When: Wednesday, November 4, 2020, 1:00 PM - 2:00 PMWhere: Online, Zoom
Speaker: Dr Jenny K. Rodriguez
Join us as Dr Jenny K. Rodriguez, Alliance Manchester Business School, delivers the latest instalment in our Research Seminar Series: "From zero to hero: Narratives of professional identity in times of Covid-19".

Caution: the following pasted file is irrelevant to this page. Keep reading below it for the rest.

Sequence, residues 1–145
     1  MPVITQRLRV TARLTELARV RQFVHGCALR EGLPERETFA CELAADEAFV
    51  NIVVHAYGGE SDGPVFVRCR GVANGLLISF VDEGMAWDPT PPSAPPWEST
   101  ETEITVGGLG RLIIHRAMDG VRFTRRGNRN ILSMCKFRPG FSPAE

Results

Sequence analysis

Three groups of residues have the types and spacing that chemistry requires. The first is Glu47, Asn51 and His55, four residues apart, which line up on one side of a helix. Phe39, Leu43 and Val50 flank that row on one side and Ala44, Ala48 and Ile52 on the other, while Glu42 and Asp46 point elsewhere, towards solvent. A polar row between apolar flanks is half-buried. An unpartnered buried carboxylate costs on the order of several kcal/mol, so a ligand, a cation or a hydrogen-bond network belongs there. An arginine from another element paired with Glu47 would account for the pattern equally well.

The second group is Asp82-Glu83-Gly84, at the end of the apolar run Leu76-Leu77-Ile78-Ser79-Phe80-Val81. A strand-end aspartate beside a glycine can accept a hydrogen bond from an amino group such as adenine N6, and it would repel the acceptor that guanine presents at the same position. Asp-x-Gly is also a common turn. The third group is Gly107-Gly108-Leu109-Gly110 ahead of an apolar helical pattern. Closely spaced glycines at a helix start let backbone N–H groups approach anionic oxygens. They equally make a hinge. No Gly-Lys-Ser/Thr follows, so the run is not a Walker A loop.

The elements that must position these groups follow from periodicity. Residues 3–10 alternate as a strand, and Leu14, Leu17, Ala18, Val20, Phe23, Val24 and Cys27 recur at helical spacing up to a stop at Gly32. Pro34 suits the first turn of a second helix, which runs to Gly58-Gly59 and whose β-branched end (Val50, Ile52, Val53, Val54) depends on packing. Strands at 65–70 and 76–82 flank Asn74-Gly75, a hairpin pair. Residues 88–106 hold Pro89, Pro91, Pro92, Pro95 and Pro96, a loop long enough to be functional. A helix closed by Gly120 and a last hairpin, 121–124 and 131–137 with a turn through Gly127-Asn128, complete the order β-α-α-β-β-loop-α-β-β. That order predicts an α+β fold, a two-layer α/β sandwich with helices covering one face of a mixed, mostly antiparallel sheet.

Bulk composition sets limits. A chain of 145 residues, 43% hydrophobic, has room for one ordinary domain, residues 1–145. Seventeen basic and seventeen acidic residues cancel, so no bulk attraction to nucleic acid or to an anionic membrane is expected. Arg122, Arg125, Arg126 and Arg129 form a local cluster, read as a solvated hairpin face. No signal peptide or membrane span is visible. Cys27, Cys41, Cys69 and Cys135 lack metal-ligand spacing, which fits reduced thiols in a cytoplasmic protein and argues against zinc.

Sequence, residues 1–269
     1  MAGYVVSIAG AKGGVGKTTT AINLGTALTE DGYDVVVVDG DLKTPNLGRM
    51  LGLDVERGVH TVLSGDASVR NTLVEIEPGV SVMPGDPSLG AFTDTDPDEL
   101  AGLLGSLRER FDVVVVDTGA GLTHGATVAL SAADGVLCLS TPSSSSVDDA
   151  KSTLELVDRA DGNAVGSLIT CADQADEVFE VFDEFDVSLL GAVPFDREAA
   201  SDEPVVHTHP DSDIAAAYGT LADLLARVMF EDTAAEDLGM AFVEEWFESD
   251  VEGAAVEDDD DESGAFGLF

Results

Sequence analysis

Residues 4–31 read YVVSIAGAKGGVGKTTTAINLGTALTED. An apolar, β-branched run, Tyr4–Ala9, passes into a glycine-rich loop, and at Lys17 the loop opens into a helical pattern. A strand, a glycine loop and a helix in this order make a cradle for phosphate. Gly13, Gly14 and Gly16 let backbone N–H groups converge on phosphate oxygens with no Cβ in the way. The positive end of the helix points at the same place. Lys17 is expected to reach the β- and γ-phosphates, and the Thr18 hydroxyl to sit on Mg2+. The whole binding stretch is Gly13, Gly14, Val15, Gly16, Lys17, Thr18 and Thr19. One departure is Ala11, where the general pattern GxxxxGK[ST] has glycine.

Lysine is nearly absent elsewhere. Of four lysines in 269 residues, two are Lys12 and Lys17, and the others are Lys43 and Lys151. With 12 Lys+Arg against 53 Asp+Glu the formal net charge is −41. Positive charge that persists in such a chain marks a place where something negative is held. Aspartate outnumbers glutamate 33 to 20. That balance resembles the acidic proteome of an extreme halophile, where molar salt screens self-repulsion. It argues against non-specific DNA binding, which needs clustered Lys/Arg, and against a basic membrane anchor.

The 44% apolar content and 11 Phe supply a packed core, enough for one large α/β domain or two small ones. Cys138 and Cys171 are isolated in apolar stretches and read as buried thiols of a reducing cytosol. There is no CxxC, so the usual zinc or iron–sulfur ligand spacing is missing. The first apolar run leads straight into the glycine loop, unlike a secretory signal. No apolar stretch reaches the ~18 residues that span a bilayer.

Abstract: In this presentation, I discuss preliminary findings of a study into the professional identity of kinesiologists in Chile, which draws on 70 interviews with kinesiologists in an A&E hospital. Historically, kinesiology has been considered a "homeless" field with multiple agendas and in need of a clearer science-based orientation, where kinesiologists' work has been shadowed by the dominance of other healthcare professionals in occupations considered to be more traditional and established (e.g. doctors and nurses). In Chile, the profession has been framed in relation to sports' injury rehabilitation, which has led to public perceptions that kinesiologists are "masseurs with a degree". Following the pandemic, kinesiologists' expertise in mechanical ventilation and musculoskeletal pain has been central in the treatment and rehabilitation of COVID-19 patients. In the context of the most important global public health crisis, the demand for kinesiologists to support rehabilitation efforts in public hospitals in Chile has increased. Kinesiologists have joined diverse areas in A&E and have a firmer professional presence in medical teams as well as more recognition from public health authorities, the media, and the public. This newfound status as "unsung heroes of the pandemic" has led to talks of a "before and after the pandemic" in the professional standing of kinesiologists. We have explored perceptions about their professional identity, focusing on the narrative features of these before and after moments (e.g. career motivations, work trajectories, etc). Findings highlight the importance of occupational myths and identity customisation as narrative mechanisms mobilised by this group to give continuity and coherence to fragmented professional identity and the contradictions that these experiences raise for their perceptions about the occupation.